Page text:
I mean, everytime you say firewall, I think, I may not work for what I need, but you seem pretty sure about what you say, so it should do everything good and it also has a pro firewall integrated, right?
> Are there any downside from buying dedicated firewall over normal router?
typically no. What you basically need is:
All that is available on the ASA 5506-X. A "real" router has typically much more flexibility for network-integration, but that is likely not needed here.
Just because it's a dedicated firewall-appliance, it doesn't mean that the "normal" routing-stuff can't be done.
> but you seem pretty sure about what you say,
The secret to success is sincerity. Once you can fake it, you've got it made. ;-)
Ok, now this ASA is starting to look like a real solution for me.
I also noticed the RV220W (http://www.cisco.com/c/en/us/products/routers/rv220w-wireless-network-security-firewall/index.html), is it a good choice too or the ASA will perform better?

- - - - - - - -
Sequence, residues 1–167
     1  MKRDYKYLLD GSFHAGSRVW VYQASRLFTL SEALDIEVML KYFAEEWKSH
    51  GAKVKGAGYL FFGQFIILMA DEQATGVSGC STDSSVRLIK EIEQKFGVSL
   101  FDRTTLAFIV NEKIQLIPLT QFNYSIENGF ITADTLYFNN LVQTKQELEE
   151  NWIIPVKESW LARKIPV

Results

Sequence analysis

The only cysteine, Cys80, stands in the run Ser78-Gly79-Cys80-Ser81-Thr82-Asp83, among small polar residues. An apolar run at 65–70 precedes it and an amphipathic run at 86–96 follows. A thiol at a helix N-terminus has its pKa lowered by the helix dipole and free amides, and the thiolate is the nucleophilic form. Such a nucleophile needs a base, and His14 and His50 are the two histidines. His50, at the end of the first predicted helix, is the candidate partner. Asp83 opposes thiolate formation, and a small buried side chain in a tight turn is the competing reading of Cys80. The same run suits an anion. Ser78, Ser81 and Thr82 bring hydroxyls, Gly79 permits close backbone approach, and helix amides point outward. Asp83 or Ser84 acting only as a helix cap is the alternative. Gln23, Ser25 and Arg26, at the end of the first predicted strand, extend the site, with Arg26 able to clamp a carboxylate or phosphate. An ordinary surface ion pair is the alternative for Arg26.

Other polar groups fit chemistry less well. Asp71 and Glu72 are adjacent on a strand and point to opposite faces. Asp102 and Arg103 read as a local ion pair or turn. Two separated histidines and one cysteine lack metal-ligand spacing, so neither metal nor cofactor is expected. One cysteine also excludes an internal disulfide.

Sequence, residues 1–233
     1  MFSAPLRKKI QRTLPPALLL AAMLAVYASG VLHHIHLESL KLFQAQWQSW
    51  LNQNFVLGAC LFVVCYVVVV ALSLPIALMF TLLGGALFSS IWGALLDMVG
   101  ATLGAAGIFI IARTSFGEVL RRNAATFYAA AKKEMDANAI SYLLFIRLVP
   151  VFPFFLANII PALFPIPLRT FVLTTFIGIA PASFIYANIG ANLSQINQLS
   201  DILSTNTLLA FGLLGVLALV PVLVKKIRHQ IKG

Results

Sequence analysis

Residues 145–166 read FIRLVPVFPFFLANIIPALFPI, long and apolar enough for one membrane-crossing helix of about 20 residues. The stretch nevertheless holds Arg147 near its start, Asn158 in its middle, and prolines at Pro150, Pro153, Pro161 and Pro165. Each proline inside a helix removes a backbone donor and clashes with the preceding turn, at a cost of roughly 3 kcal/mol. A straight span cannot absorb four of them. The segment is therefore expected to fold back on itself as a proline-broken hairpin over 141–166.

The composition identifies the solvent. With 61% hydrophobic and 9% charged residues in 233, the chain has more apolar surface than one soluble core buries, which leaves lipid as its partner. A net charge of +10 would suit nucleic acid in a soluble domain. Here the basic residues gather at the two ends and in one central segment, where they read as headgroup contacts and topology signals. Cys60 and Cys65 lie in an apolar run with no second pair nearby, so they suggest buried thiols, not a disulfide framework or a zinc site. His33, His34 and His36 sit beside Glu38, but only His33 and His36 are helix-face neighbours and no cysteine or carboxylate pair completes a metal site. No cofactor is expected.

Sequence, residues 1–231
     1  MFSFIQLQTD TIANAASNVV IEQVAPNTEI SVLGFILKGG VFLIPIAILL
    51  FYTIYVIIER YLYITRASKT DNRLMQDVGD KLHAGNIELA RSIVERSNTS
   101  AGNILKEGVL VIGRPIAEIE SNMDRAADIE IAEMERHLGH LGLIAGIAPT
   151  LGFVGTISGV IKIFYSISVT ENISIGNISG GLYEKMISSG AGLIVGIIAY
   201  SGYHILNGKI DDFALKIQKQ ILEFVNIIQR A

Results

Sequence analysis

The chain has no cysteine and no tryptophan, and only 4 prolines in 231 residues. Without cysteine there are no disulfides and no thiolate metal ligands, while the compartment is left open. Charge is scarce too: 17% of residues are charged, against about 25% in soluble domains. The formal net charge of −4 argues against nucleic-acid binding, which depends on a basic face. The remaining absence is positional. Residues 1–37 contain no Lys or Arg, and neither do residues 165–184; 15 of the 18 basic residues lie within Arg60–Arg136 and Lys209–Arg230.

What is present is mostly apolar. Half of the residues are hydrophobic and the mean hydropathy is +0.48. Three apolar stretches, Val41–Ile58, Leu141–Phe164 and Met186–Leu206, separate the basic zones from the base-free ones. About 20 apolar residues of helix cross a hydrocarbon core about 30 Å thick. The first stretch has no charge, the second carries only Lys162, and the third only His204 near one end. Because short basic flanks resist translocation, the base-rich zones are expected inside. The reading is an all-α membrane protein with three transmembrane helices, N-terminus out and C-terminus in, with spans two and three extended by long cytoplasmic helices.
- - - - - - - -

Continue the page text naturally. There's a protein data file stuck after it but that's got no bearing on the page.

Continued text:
From the RV^series, there's a model which you would suggest?
Whit my Asus I reduced the DHCP range to 249 to allow my to set easly static ip. It this also a possible thing in these cisco's routers, or there are other solution?
Hello, Karsten, hello Franchini!
I just want to notice one thing against ASA5506 as a router for home. As far as I know, it doesn't have a built in switch. So all ports are ports, where you have to configure an IP-address.
But usually, SOHO routers do have a builtin switch, so you can connect your home devices without having any additional hardware.
Please, see the following discussion:
Thanks for your answer.
Essencially it means I can't use the other ports (as I normally do with a 4 lan ports Router) because each one must be setted up?
Yes, that's a drawback of the 5506. All ports are routed ports and with that, they have to belong to different IP-subnets. For multiple devices, you need to connect a small switch to the ASA.
After some reserch I think I'll buy a RV series model.
The 5506 looks like a great product but I'm not a network specialist so probably I would mess up with it.
For now the more interesting one is the Cisco RV-325 (http://www.cisco.com/c/en/us/support/routers/rv325-dual-gigabit-wan-vpn-router/model.html).
You guys think it may works good for what I need?
The internal hardware is powerfull enough for my 125Mb?
It's a 2013 model, aren't there any newer one?
I think that thanks to all your help, I may find a solution even today!